Formula 1’s previous attempt at holding grands prix in Las Vegas is remembered for producing one of the most hated circuits in championship history, a course that managed to somehow be both boring and extremely punishing for drivers. And was famously crammed into a casino car park.
But those two Caesars Palace races decided two world championships, featured a return to the top step of the podium for a legendary F1 team (which would only win once more thereafter) and an above average amount of bizarre incidents.
The track was a relatively late addition to the 1981 calendar as a second United States venue after classic F1 host Watkins Glen ran into financial difficulties.
Fitting its 2.3-mile distance into a tight space primarily comprising that infamous car park meant a layout of repetitive tight-radius corners winding within an outer section that had some faster elements, with scant gradient change and all within tall concrete barriers, wide sand traps and… car park markings. Drivers were distinctly underwhelmed by the layout and the venue’s featureless nature, with few visual references for braking points.
Running anti-clockwise meant it also had more left-handers than any other track on the 1981 F1 schedule, providing a heavy fitness challenge for drivers’ neck muscles given the ultra-stiff suspension the cars of the era required to make their ground effect skirts work and the searing heat. Speeds and lap times being significantly faster than anticipated didn’t help on the physical side.
World championship contender Nelson Piquet was affected worse than most, vomiting even in the familiarisation practice sessions mid-week and then ending up in agony from a bruised back when a massage intended to ease his neck problems went badly awry.
Despite this, Piquet scraped to the first of his three titles by taking fifth place as main rival and polesitter Carlos Reutemann plunged down the order to a lapped eighth for reasons never fully explained.
Piquet was barely conscious, such was his heat exhaustion, had to be helped out of his Brabham in a 15-minute process and pretty much collapsed on the podium – but was still world champion by a single point.
Reutemann’s Williams team-mate Alan Jones utterly dominated in what he intended at the time to be his last F1 race before retirement, leading by 40s before switching into cruise mode.
While there was no battle for victory, there was more intrigue in Jones’s wake than is often remembered. That included a classic Gilles Villeneuve cameo: somehow putting the awful 1981 Ferrari third on the grid, nearly taking the lead at the start, holding up a train of much faster cars for lap after lap, getting black-flagged because he’d bizarrely lined up only half in his grid slot, and then retiring anyway with a small fire on his car due to a fuel injection problem.
Michelin runners needing pitstops for fresh tyres shuffled things too: Alain Prost’s Renault only just resisted Bruno Giacomelli’s Alfa Romeo for second position by four tenths of a second, and outside title contender Jacques Laffite grabbed the final point from McLaren driver John Watson at the very last corner of the race.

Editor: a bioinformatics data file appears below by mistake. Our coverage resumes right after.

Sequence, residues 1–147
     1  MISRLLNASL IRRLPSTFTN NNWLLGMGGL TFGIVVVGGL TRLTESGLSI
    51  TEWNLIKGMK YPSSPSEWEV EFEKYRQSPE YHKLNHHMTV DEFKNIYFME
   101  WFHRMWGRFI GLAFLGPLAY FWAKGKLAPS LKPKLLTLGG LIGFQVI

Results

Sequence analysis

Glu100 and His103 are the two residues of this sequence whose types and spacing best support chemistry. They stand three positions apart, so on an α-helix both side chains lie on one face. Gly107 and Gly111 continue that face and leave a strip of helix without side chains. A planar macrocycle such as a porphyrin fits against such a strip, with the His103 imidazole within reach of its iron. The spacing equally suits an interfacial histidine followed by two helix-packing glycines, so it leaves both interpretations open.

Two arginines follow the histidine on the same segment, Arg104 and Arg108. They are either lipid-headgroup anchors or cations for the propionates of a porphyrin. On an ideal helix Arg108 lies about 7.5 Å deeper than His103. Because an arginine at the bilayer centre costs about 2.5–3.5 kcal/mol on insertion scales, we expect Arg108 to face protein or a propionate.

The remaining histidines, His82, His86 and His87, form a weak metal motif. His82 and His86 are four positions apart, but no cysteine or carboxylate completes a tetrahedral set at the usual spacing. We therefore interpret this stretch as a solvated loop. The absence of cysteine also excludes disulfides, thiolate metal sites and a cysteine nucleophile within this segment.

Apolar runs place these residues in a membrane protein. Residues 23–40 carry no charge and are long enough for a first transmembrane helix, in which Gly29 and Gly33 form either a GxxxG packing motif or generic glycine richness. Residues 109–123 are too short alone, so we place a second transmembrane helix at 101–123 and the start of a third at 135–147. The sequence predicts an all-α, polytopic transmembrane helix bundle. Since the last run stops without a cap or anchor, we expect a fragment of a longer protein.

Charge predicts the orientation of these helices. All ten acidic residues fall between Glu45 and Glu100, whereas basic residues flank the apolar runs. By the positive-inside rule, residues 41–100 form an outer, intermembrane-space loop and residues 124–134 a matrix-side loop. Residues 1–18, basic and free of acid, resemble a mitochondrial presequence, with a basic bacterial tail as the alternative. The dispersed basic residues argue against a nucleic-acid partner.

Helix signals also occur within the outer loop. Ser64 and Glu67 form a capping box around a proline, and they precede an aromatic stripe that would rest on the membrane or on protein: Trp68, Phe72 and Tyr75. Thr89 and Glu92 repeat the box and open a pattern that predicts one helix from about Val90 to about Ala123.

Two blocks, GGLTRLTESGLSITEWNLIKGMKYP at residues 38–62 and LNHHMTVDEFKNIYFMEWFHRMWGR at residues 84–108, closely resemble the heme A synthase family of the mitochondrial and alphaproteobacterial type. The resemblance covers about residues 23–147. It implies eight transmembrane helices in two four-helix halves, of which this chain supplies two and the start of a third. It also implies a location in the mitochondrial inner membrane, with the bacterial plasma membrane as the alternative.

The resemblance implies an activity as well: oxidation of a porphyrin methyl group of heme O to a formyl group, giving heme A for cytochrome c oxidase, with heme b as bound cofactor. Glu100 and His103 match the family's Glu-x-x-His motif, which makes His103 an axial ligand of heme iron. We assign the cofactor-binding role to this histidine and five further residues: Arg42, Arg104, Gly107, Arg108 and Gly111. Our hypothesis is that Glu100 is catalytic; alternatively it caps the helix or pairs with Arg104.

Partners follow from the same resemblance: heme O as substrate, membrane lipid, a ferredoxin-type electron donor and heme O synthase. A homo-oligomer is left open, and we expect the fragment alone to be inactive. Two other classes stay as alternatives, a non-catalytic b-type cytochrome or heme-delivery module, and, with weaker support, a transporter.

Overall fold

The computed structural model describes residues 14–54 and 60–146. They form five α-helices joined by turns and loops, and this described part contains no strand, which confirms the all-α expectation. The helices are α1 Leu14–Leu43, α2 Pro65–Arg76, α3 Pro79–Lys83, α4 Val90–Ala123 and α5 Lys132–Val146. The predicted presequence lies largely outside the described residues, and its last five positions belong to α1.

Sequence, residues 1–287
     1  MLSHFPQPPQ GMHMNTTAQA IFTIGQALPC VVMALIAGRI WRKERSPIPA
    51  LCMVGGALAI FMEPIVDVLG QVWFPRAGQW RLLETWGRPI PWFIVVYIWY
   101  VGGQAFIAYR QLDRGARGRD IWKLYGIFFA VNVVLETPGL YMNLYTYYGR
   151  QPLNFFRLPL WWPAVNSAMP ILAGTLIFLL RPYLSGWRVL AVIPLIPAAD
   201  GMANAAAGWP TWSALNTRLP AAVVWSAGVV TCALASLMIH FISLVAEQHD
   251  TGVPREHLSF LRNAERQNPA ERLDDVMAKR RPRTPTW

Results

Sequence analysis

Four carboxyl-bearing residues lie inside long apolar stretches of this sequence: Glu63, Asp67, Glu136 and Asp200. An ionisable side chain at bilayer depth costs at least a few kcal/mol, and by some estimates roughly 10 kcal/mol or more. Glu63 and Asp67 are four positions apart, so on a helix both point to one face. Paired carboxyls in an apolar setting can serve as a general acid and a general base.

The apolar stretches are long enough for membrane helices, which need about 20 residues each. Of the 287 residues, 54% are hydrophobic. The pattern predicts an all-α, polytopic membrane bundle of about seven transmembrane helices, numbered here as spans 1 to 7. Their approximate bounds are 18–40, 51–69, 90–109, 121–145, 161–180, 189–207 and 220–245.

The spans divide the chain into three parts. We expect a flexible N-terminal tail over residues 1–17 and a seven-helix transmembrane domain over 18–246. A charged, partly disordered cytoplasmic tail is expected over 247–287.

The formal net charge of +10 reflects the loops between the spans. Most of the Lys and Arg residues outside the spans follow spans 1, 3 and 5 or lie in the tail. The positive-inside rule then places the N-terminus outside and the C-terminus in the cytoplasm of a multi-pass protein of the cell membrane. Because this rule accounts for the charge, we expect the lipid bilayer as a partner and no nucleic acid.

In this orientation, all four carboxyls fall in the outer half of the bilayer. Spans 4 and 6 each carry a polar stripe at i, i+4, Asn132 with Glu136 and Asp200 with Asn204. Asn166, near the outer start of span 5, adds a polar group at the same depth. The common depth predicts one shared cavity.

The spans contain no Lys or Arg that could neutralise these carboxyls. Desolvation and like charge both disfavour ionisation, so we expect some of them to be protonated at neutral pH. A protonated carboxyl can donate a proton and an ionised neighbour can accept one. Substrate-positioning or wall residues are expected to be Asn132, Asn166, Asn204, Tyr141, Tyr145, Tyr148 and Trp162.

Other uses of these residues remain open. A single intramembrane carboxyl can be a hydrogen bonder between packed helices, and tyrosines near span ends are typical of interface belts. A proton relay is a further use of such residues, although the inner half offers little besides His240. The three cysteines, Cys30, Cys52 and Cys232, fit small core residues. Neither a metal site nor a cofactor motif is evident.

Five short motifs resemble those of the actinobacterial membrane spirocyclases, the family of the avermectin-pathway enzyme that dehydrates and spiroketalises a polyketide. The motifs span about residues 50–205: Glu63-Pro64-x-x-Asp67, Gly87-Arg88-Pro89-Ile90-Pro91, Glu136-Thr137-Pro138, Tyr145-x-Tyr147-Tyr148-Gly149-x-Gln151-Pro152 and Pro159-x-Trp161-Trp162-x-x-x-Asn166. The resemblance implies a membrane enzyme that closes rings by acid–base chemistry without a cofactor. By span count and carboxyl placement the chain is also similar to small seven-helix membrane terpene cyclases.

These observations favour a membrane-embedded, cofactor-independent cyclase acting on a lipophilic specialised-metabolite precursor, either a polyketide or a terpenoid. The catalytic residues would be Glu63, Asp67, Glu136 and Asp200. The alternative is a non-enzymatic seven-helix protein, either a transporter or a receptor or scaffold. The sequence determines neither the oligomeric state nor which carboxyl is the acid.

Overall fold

A turbulent F1 year later, it was Watson versus Keke Rosberg (who back in 1981 in Las Vegas had performed a small miracle to even qualify his Fittipaldi) for the title following championship leader Didier Pironi’s career-ending leg injuries.
Williams driver Rosberg – who only won one race that year – was three points clear of the absent Pironi and nine ahead of Watson, who could only take the title on countback if he won and Rosberg didn’t score.
A typical race day charge from ninth on the grid to second was a good effort from Watson, but fifth for Rosberg sealed a championship that would’ve seemed unthinkable a year earlier.
That race is equally remembered for Tyrrell winning its penultimate grand prix and ending a four-year drought in the process.
Rising star Michele Alboreto overcame a qualifying crash (a red flag for Jean-Pierre Jarier’s Osella having a suspension failure gave Tyrrell time to effect repairs) and a first lap wheel-bang with Eddie Cheever to run third behind the Renaults of Prost and Rene Arnoux. Engine problems for Arnoux and a massive tyre vibration for Prost opened the door for Alboreto to take his first F1 win.
That was it for F1 at Caesars Palace. Crowd figures, sponsorship and TV exposure had all been lower than the organisers hoped.
CART IndyCar stepped in for two more years and the track was converted into a sort of oval – the sinuous infield dropped and only the left-handers of the outer section retained, though they still required heavy braking in places, making it something of a ‘roval’.
Mario Andretti, who’d contested both F1 races at the track, won the first CART race there and claimed his sole championship of the CART era at the second as Tom Sneva’s win wasn’t enough to overhaul him in the 1984 title fight.
And then the track was closed and had a shopping centre among other things built on top of it. Which most who’d raced on it would agree was a fittingly anonymous fate.